Why I’m Not Worried About China

There are a lot of folks out there that seriously believe that China is not only a rising superpower, but that they will dethrone the U.S. as the global leader. While there are many home-grown reasons for why the U.S. may tumble from the throne, I’m pretty sure it won’t be because of China’s ascendance.

The chart below shows why–Demographic Winter. New population projections from the U.S. Census Bureau shows that China’s population will peak at 1,395,015,000 in 2026 and will go into a free-fall shortly thereafter.

By 2050, China’s population will have already fallen by 100 million people. More troubling, the annual population decline will be averaging 6 million people per year with the drop accelerating by 300,000 per year.

In contrast, the U.S. population is forecast to grow continuously reaching 422,554,000 by 2050. This also means the U.S. will have a more balanced age pyramid than China. Both are good for economic growth.

Of course, forecasts can be wrong. If China’s forcast is wrong, it’s most likely because the Census Bureau is understating the demographic cliff the country is facing. I recently came across a story in The Telegraph by Xue Xinran which stated:

Today, more than half the number of divorces are between people in their twenties and thirties, most of them from the first generation of the single-child policy. Many of this generation don’t even want children. Some don’t like the idea of being ousted from their position within the family; others say they simply don’t have the time to care for a child. At least they know their limitations. In the last five years, there have been numerous cases of two and three year-olds who have suffocated to death in family cars. Why? Because their distracted parents entrusted them to the care of drivers who left them locked in airless cars while running errands. It’s hard to take in, but it’s happening.

A one-child policy is bad enough, but a no-child policy is societal suicide. This is compounded by the skewed gender imbalance towards males which means, by definition, fewer women and babies. China will simply be crushed by a dramatically aging society before it ever reaches super-power status.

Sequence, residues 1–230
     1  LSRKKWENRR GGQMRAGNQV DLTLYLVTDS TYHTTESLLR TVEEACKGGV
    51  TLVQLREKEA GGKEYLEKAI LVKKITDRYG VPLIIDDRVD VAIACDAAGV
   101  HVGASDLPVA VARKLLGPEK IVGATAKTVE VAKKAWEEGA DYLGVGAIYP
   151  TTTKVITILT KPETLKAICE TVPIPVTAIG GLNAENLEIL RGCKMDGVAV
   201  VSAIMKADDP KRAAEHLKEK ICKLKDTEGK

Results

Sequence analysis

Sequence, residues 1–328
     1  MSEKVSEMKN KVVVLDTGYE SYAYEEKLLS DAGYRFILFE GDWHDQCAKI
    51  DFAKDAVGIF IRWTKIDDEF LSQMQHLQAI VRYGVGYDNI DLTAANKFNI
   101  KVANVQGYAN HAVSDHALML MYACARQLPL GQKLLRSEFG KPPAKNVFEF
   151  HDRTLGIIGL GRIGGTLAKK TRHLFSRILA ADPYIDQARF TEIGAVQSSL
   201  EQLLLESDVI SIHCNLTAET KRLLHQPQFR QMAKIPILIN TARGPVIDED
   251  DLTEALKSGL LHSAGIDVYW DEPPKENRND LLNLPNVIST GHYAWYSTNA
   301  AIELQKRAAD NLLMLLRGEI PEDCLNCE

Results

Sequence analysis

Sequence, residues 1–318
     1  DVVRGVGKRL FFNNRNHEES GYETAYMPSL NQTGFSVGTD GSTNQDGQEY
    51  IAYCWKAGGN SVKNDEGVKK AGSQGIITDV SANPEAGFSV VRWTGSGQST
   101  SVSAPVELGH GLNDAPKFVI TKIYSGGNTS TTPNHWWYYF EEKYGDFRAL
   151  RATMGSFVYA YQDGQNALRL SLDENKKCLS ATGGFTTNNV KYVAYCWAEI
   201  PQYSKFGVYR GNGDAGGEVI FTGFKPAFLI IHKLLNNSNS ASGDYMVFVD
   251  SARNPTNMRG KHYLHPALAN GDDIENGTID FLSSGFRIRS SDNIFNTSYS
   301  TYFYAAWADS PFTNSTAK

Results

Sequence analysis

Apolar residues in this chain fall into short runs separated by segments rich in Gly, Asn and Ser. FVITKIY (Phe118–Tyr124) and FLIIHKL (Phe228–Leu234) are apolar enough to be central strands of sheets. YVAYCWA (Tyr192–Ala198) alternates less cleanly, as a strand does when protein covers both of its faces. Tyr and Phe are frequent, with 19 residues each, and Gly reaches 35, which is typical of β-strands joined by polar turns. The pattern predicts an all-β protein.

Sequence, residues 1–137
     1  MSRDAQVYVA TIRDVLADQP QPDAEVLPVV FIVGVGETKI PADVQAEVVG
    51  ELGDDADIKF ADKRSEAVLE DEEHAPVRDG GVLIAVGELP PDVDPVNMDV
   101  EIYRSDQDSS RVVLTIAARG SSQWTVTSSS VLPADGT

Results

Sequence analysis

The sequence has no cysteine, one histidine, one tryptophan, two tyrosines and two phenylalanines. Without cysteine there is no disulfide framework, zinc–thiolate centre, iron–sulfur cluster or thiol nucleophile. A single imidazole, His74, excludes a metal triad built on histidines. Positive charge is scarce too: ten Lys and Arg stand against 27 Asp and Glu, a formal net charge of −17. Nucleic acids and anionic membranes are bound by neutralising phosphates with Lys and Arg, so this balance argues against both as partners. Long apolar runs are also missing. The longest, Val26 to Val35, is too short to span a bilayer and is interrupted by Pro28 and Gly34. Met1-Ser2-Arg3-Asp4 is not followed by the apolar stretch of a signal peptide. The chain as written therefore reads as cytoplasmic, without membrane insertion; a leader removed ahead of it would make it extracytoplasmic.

That’s not to say we should ignore China. They could still wreck havoc both economically and militarily before their demographic crisis hits. In short, I’m less concerned about China overtaking us as I am worried about China taking us down with them–say via WWIII.

Chart Showing China versus American Population Growth 2011 to 2050

New Estimate Shows Public Pension Shortfall Ballooning to $4.4 Trillion

Creative Commons License photo credit: emsphotonut41

Joshua Rauh just blogged on “Everything Finance” a new estimate of the current unfunded public pension liability for both state and local governments:

Using June 2009 data, Robert Novy-Marx and I measured a $3.1 trillion gap in state and local pension systems, arising from $2.3 trillion in assets and $5.4 trillion in liabilities.

Since then, the situation has evolved in several ways. First of all, the stock market continued to recover from the financial crisis . . .

More importantly, the true financial value of the liabilities that have been promised have grown substantially due to much lower bond yields . . .

the total unfunded liability is $4.4 trillion.

And folks are wondering why consumers aren’t spending?! Until policymakers come up with definitive solutions to these massive unfunded liabilities (that don’t involve raising taxes), then the uncertainty it creates will force consumers to pay down their own debt (or save) and restrain consumption.

These are structural issues that can not be fixed by monetary policy actions from the Federal Reserve. Ironically, as pointed out by Rauh, loose monetary policy is worsening the situation by keeping interest rates low and ballooning these unfunded liabilities. The Fed needs to stop babying politicians with cheap money and let them take their Castor Oil (via higher interest rates).

Capital Gains Roller-Coaster and the Size of Government

New 2009 data from the IRS shows how foolish it is for government to tax capital gains income.  As shown in the chart below, capital gains income for 2009 is now back to 2002 levels ($224 billion).  Of course, thanks to the housing bubble, this is after a massive run-up in capital gains income to $819 billion in 2007.  This led to a whopping 73 percent drop in capital gains income from 2007 to 2009!